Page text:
What would you do if you were dying?
If you were faced with months to live, how would you say goodbye to the ones you love? Read more about the inspiring story of 18-year-old Zach Sobiech and how he dealt with his death.
What would you do if you found out you were going to die? Would you make a bucket list and start checking off the things you had only dreamed of doing? Maybe you’d skydive. Perhaps you would travel. What are the signs of dying?
If you’re Zach Sobiech you would write a song about how to live your life in the face of death and how you say good-bye to those you love. You’d call the song, “Clouds.”
Signs Of Dying: Telling A Teenager That He's Going To Die
At 14 Sobiech was diagnosed with osteosarcoma, a form of bone cancer that primarily strikes children. In four years he went through 10 surgeries and 20 rounds of chemotherapy.
He died on May 20, 2013 at the age of 18.
Fulfilling His Dreams And Saying Goodbye
Sobiech was an aspiring folk-singer. His song described how he was facing death and how he felt about those who would be left behind.
Sobiech put his song on YouTube in December 2012 and it went viral. The song has had six million views since its posting. His story also touched many in the music industry including such artists as Colbie Caillat, Jason Mraz and Sara Bareillles who have released tribute versions of the song. To date 156,000 copies of “Clouds” have been sold and the proceeds have been donated to childrens cancer research.
Listen to Zack Sobiech's song "Clouds" here:
How To Deal With The Grief Of Losing A Loved One
Those left behind after Sobiech’s death may have the most difficult task - dealing with their grief. Dr. Kristine A. Kevorkian, a specialist in thanatology, the study and science of death and dying, says people should expect the healing process to take time.
“I suggest people truly take it one step at a time,” says Kevorkian.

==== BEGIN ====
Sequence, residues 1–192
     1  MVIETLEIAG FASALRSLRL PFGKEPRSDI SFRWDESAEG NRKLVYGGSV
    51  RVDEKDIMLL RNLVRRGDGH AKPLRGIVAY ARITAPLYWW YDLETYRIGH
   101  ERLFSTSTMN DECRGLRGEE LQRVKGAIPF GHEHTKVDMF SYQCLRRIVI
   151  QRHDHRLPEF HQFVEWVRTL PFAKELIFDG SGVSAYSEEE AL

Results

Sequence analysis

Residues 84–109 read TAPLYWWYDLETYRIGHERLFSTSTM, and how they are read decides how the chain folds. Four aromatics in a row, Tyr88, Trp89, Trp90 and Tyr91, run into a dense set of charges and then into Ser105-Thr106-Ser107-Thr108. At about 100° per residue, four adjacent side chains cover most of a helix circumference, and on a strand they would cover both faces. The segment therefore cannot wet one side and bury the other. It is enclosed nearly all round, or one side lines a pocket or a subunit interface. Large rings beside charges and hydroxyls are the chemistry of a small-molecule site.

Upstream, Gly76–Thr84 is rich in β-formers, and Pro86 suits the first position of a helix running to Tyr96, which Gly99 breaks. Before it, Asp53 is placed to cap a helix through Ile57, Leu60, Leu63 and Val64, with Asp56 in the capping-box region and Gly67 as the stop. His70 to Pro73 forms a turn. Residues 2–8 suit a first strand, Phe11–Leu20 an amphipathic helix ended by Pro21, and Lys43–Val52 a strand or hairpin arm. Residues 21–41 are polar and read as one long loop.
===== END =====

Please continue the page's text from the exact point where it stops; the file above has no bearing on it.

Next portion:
“I encourage parents to seek out grief counseling from a trained grief therapist. If the parents are members of a faith based community they might want to seek help from someone there.”
Everyone grieves differently
She says that the most important thing to recognize is that everyone grieves uniquely and this might cause issues in relationships.
For example, women might grieve more outwardly and be more talkative about their feelings. Whereas men might bury themselves in work to try and push aside their feelings of loss. Friends, who think they’re being helpful might say something like, “You’re not over that yet?”
Learn how to cope with loss
“It's important for couples to receive some sort of grief intervention within the first six months of the loss or odds are that the couple will not last,” says Kevorkian.
“A friend of mine lost her son when he was 12. Her husband coped in unhealthy ways, turning to drugs, while my friend sought out support and therapy. She did all she could to help her husband, but he was unwilling to get the help he needed. They eventually divorced, which added another level to their grief.”
Kevorkian says that the best way to cope is to “learn” how to cope with loss.
“Speaking with a trained grief counselor would be best to help provide education about the grieving process and therapy.”
Watch this couple's experience with dealing with the loss of their baby: